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as improved longer range weather forecasting and firm prediction of future climatic trends is entirely dependent on
the quality of the planning done in advance,
Allow me, briefly, to refer to a few other areas of inquiry in which our Space Science Board is engaged. A
somewhat more detailed summary and discussion of these
activities and the questions they raise will be found in a
report to me by the Board's chairman, Dr. A. G. W. Cameron,
provided as an attachment to this statement,
A report on
the status of space plasma physics, now a mature science, is to be published shortly. Reports currently under preparation include a strategy for further exploration of the inner solar system, advice on planetary quarantine, and a summary of our summer study on space biology and medicine. Work is continuing on the formulation of an appropriate strategy for the program of space astronomy and astrophysics,
The Board has established a suboommittee on Earth Sciences
to define scientific goals and objectives in this area,
based upon studies carried out by various other elements of
the National Research Council. A study is also to be initiated on the major scientific goals to be achieved by investigations
of comets and asteroids.
In all of space science, success is first conditioned by the success of the launch and its precision in placing the instruments in the desired position and posture and, secondly, by the quality of the scientific instruments on board. Regrettably, in the past NASA has given much more attention
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to the former than to the latter. It is to be hoped that, in the future, NASA will provide adequate and appropriate support to early development of instruments of the highest possible quality for use in its Space Sciences Program.
I should now like to turn to an issue of great concern to our Board, one emphasized by its chairman in the attached communication. I refer to the continued absence of any formal,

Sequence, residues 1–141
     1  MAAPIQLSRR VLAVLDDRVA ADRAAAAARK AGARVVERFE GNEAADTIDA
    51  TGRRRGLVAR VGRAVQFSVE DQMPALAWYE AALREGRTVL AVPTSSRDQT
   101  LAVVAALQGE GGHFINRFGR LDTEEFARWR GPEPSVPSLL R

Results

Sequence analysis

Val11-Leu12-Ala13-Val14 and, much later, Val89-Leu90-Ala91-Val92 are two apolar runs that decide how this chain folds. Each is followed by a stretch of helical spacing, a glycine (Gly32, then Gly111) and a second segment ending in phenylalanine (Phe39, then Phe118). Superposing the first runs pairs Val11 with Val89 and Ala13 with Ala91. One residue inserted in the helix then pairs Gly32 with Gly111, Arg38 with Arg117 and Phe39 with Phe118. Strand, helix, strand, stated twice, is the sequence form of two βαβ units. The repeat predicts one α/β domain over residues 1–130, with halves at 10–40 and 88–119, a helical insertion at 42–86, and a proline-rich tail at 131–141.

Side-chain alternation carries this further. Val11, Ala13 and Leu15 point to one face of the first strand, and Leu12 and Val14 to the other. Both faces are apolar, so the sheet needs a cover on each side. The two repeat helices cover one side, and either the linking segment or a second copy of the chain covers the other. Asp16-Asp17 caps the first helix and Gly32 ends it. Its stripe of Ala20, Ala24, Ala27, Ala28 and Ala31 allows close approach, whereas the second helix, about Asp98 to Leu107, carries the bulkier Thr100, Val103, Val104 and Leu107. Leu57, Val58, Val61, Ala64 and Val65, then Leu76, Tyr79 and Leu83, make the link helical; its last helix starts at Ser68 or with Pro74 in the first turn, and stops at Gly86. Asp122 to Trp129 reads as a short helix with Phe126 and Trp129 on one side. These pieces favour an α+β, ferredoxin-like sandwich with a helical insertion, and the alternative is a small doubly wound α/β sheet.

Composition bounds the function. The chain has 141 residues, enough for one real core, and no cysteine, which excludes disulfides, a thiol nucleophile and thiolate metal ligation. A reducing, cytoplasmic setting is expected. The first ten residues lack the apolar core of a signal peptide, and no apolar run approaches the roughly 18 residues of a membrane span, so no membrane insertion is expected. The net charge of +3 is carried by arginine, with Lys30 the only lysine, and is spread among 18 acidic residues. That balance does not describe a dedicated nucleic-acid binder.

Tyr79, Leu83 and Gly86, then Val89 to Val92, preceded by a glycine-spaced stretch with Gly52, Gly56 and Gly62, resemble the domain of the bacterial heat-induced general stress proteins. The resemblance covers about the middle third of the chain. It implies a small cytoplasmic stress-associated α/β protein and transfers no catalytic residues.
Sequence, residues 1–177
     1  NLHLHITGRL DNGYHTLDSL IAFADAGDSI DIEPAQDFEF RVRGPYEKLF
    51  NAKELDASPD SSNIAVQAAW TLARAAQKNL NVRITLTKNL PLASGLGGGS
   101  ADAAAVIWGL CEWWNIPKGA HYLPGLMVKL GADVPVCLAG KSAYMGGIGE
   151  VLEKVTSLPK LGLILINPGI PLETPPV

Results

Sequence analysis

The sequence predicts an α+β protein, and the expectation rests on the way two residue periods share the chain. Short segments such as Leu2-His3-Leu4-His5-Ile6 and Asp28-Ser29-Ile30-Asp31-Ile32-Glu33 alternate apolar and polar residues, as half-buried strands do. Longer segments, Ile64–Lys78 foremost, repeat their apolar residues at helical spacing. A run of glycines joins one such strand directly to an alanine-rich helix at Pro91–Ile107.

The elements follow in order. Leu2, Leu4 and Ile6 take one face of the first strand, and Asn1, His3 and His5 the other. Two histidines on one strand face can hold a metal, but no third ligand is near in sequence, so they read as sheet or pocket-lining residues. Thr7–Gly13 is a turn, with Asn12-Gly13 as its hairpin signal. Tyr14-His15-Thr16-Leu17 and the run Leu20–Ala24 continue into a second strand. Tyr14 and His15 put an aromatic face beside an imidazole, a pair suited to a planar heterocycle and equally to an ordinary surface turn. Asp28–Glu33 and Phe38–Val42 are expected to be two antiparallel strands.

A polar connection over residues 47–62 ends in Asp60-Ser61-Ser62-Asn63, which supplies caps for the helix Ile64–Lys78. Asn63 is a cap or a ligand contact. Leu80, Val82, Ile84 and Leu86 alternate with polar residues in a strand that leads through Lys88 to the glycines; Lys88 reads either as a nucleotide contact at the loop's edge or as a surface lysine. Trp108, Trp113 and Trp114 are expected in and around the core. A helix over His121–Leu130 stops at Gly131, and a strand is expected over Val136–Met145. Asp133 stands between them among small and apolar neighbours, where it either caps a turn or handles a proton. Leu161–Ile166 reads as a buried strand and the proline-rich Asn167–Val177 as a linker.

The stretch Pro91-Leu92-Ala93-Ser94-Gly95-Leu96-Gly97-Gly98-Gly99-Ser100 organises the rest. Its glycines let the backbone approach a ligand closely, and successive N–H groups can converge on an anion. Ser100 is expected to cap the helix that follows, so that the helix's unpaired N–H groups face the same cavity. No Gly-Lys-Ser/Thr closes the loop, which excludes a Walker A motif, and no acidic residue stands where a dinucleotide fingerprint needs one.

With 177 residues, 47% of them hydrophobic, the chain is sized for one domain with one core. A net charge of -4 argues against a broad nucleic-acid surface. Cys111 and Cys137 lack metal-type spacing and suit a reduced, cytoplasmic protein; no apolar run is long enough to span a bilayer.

official statement of intent which outlines in a substantial way the goals for u.s. long-range scientific activities in space.
The consequence of this deficiency was most dramatically illus
trated during the recent struggle to win approval of the Jupiter
ai Orbiter Probe mission. We recognize that the development of long-range goals and establishment of funding levels for any
national activity must be preceded by extensive discussion and
consultations among all the interested parties. Establishment of such goals for space science is imperative because of the long advance preparation time needed for these missions,
To date, there has been no explicit statement of intent from this Administration offering its view of the significance of the space program or its assessment of the relative priorities
of space science within the total program.
I trust, however,
that the President's Budget Request may be taken as a fair
indicator of the Administration's positive views | 0
Our Board has operated on the premise that the conduct of space research remains a cardinal element of the space program as stated in the enabling legislation of the Space Act. The
Board urges appreciation that long-range, balanced planning of
the entire program is required to maximize the return on and
give guidance to science investigations, to focus the national
industrial, technical, and scientific competence, and to make
best use of the resources available. Fiscal considerations
dictate that space science planning be conservative; our Board
has been responsible in recognizing this reality. As a consequence, however, current strategies, designed to maintain an orderly, vigorous program, also constitute a minimum activity level, below which program coherence may become questionable. In the absence of a substantial commitment to agreed-upon goals, the strategies and related programs for space science can too